Zales: Because so much of your job is cleaning out that dirty stuff.

Buccholz: Yeah, right—very similar to the phone conversations. Like, “Really?” The way Sam and Tod shot this thing makes the things we contributed to it possible; I can’t stress that enough.

If this show looked like a traditional, contemporary thriller, none of these things would’ve worked. It’s such a complete vision, if you ask me, and they opened the door for us, sonically. The hiss in the queues, you end up really welcoming it, and it ends up setting the stage. It’s all those imperfections that make for a signature tone for the series.

Ben, could you flesh out a sense of how you went about working with the series’ music?

Zales: In the beginning, when everyone was trying to figure out the way we were going to go about this, we experimented with per episode, trying to use maybe one score. So, the editor would be like, “Okay, this episode really lends itself to this particular soundtrack,” whether it be a Morricone, or a Clint Mansell, or a Donaggio score. They were like, “Let’s try to do that, because it creates a theme throughout the episode that makes it cohesive.”

Then, having to edit the scores together, and make it fit the theme, and make it hit the right things at the right time, I think that all [makes] the viewer feel like it was an original score for the episode, until you start getting down to more recognizable scoring. You hear the signature sound from [John] Carpenter and you’re like, “Well, that really sounds like Halloween,” or wherever we took it from.

How did the Homecoming team piece together so many disparate cues to create a sense of cohesion? I understand that certain cues came and went throughout the edit, if licensing them proved impossible.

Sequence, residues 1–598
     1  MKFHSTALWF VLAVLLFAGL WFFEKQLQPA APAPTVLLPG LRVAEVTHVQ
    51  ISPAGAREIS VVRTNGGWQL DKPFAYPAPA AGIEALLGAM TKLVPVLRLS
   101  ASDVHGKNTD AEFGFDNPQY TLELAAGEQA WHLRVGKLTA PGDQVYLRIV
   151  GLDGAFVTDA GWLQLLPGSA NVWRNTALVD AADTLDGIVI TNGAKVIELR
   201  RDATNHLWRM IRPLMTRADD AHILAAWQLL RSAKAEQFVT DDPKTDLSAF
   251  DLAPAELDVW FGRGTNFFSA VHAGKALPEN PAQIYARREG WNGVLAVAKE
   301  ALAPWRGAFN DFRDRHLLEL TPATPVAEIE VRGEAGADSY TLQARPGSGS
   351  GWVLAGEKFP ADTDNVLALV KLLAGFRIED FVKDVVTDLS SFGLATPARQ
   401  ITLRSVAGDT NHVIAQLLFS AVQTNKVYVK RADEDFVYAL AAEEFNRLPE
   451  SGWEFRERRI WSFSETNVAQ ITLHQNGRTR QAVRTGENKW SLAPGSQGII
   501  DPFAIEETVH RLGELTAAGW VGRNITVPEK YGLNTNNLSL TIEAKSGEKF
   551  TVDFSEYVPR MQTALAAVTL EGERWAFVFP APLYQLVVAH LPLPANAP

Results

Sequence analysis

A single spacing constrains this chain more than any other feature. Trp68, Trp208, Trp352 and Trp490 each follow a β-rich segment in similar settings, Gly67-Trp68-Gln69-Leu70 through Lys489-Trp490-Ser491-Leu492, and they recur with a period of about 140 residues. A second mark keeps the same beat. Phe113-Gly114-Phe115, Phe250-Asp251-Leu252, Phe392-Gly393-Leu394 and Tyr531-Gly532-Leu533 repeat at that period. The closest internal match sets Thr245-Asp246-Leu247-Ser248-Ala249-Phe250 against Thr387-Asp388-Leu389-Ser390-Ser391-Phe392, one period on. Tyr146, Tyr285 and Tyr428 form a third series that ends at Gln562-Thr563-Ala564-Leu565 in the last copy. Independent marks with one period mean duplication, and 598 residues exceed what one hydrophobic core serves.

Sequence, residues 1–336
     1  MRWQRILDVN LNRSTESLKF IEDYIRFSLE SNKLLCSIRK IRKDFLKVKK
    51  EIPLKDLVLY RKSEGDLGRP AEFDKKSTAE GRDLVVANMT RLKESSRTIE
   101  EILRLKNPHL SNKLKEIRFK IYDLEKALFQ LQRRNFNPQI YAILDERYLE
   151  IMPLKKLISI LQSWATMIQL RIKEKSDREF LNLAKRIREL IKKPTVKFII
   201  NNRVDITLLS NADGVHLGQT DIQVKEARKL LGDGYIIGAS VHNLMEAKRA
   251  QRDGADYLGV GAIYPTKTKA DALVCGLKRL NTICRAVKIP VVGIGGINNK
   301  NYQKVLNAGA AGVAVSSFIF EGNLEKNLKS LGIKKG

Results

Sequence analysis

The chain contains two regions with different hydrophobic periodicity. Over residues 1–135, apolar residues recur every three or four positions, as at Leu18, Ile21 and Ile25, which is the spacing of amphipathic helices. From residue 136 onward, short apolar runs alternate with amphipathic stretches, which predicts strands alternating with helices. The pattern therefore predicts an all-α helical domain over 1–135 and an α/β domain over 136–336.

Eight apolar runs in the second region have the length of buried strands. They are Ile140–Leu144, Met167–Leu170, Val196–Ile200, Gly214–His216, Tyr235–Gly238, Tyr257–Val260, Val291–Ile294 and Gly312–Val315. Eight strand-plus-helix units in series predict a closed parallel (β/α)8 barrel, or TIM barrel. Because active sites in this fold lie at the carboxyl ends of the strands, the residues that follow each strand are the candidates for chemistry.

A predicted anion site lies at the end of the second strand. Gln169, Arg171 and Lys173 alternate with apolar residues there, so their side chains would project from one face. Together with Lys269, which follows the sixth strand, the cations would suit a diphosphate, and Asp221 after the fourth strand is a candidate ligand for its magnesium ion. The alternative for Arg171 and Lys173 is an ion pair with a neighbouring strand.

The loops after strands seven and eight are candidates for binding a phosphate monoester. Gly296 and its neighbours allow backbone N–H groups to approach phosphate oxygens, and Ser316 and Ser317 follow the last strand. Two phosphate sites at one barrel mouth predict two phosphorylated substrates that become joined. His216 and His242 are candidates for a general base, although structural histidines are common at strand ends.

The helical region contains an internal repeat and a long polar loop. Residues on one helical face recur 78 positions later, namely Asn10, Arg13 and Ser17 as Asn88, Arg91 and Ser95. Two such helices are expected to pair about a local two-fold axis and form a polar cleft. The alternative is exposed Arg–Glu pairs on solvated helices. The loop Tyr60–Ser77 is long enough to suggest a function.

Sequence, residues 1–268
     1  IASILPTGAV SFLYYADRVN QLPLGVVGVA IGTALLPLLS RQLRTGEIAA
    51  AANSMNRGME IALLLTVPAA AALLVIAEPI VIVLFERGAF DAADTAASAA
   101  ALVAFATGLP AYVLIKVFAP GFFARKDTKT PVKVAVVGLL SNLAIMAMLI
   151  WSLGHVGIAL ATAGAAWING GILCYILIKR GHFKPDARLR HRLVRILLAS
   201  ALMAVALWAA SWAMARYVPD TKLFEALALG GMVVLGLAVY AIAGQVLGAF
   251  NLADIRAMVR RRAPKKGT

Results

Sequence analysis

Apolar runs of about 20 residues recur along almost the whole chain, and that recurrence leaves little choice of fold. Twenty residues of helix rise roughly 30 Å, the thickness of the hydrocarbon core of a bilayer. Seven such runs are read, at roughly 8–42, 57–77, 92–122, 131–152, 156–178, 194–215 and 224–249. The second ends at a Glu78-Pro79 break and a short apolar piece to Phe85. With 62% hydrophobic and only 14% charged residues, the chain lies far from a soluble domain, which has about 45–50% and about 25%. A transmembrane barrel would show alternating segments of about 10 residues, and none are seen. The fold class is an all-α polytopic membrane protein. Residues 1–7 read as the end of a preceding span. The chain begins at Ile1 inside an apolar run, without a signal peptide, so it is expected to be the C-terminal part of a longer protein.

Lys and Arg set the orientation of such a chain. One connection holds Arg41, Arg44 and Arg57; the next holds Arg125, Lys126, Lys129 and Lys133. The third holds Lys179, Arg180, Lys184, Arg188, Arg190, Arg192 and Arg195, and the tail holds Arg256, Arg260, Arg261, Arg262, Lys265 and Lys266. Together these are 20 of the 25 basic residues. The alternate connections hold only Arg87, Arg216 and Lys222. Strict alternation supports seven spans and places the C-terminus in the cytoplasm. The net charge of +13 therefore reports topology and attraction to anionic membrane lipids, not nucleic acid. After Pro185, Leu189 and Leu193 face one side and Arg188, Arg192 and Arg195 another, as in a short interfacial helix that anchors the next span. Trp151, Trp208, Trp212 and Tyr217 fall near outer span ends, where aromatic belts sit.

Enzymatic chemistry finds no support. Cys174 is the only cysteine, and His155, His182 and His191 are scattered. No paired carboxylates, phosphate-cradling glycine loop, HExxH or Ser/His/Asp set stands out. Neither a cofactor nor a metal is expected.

Zales: Correct. That was a huge deal, locking something in and then finding out later that we couldn’t get a particular version of a cue. There were some pieces that Rosie [Tan] or Justin [Krohn] or Franklin [Peterson] cut into an episode, and when it came down to licensing, Maggie would come back to us and be like, “Here’s the version they have approved.” Sometimes, it would be in a different key and a different tempo, and I would have to then go in and keep the integrity of what everybody was already liking, taking this version that is the same cue, but completely different, and make it feel the same. That was a challenge for sure.

That happened throughout the season, and there were time where [the editors] put in cues as best as they possibly could, and I’d come in and tweak it, and put the finishing touches on it, for it to really feel like it was a part of what was on screen. Especially when you’re mixing composers and cues from different soundtracks, that was a big challenge. Going from a [John] Williams cue straight into a Carpenter cue, they’d sound completely different, and [were] in different keys, and I would try to adjust for that—and John would help me on the mix stage, in terms of EQing two cues together and making it feel as one.

To touch on one other challenge, we only had the stereo masters of these cues, so adjusting levels of anything within the cue was not possible. When you’re working with someone who’s as meticulous as Sam, you want to make them happy. So, [when] he’d say, “Oh man, I really wish that little drum hit wasn’t there at this particular time,” trying to find a way to cut around it, and find another piece of a cue that sounds exactly the same, and going in and out of it, just so you can’t hear that little drum piece where it landed, was one of the major challenges, as well—cutting around, and making these pieces not stick out in any way.

Because these pieces were scored to a completely different visual, the score’s going to do what it’s doing and not necessarily going to match what we’re looking at. So, the challenge involved, the way I could put it is, it’s like fitting a round peg into a square hole.

Homecoming features cues from a range of cinematic touchstones, directed by such titans as Alfred Hitchock, Alan Pakula, Brian De Palma, John Carpenter and Oliver Stone. It must have been nearly impossible to secure all of this music, even with a reasonable budget.

Zales: It was definitely a logistical nightmare. Our music supervisor, Maggie, was constantly on the mix stage with us, making sure the right stuff was getting in, going over spreadsheets with Sam and our producer, Gregg Tilson, making sure we didn’t go over budget, and making sure, logistically, that everything landed where it was supposed to be. This was Maggie’s first time working with Sam, and it was definitely not an easy path. But she attacked it head-on, and I relied on her a lot to make sure everything was in the right place.

Source: Read Full Article